Marketing obesity: from childhood sweets to chronic ill health among adults

By: Brendon Feliciano

It’s the middle of summer in Tulsa, Oklahoma. The blazing heat peaks at a sweltering 104 degrees. I take a break from work and see a group of young children sheltering from the sun under a tree. They seem happy drinking from patterned red cans and eating candies from a colorful bag. I take a few deep breaths while pulling out my phone to watch a YouTube video before heading back to work. As I open my first video, I’m greeted with a very clever advertisement for a new candy: Airheads Xtremes.

Like giving candy to children

Companies have become increasingly adept at targeting their advertisements to specific customers – particularly, young children. They know children love the flashing colors and comical nature of their marketing campaigns, consequently nagging their parents to buy their products.

The American Psychological Association (APA) notes that advertising directly to children is extremely influential. In a position statement, the APA states: “a high percentage of advertisements targeting children feature candy, fast foods, and snacks. . . .  [E]xposure to such advertising increases consumption of these products.”

The childhood obesity epidemic

In my opinion, this is a worrisome practice that is feeding the childhood obesity epidemic. Not only are the advertisements themselves predatory, but they are playing into children’s impressionable nature, which is outright dangerous. By studying TV and YouTube use patterns, advertisers can accurately calculate ways to maximize exposure of their products to children.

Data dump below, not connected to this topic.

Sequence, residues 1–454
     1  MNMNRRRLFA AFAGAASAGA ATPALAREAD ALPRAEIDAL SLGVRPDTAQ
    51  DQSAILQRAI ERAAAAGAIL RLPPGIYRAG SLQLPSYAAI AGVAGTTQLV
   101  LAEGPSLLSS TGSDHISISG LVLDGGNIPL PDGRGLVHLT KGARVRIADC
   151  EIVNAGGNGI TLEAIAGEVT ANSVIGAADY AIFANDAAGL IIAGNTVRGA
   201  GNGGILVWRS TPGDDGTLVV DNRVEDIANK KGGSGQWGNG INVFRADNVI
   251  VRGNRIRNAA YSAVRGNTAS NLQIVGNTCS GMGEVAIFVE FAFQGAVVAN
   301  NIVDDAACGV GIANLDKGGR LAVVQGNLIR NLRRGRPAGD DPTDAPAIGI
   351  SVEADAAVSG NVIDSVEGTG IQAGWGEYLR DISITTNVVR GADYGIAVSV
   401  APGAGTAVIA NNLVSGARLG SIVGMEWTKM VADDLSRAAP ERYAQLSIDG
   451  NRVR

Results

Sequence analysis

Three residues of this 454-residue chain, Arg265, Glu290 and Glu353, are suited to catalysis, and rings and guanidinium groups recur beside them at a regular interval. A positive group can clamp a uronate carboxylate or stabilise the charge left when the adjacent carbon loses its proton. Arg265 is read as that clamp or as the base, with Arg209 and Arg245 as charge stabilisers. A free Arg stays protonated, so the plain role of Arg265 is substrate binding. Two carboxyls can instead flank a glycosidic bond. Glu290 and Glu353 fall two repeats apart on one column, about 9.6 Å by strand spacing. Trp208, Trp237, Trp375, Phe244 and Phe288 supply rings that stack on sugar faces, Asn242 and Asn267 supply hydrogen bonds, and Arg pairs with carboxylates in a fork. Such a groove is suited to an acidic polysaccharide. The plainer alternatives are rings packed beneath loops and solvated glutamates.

Approximately 18.5% of children in the United States are obese. Put another way, nearly 1 in 5 children in the U.S. meet the criterion for obesity: a body mass index at or above the 95th percentile for sex and age. We know that obesity, especially at a young age, carries many associated long-term risks and ailments.

Long-term health effects of childhood obesity

Besides cardiovascular disease and diabetes, obesity causes long-term damage to the knee joints. Studies show, for example, a direct relationship between obesity and chronic stress on the patellofemoral joint in the knee – the place where the kneecap meets the long bone in the lower leg. Because of this ongoing stress, children grow into adults who suffer from chronic knee pain as well as buckling and deterioration of knee cartilage, ailments that often require joint replacement.

The most recent data show that nearly 40% of U.S. adults are obese. As children grow into adults, ongoing knee discomfort may keep some working or even getting out of bed in the morning. Depression from limited mobility and chronic pain is a serious risk, causing some to self-medicate with alcohol, opioids or illicit drugs. Some die by suicide. Children that suffer from obesity are especially susceptible to anxiety and depression, often because their peers bully them in school.

Let’s stop the predators

Stronger action must be taken to stop the predatory behavior of companies that strategically exploit the immaturity of children in order to boost product sales. Legislative policies can limit “channel targeting” that large companies use to distribute their messages. Furthermore, parents should be educated on how to block TV channels and websites that continue to push junk food products to children. Such steps won’t eliminate childhood obesity, but they could be helpful in putting American kids on the road to better health.


Brendon FelicianoBrendon Feliciano is a National Hispanic Scholar majoring in pre-medicine at The University of Tulsa. He’s currently in his junior year. Aside from studying, he spends his time volunteering at his church, cooking, ice skating and exercising.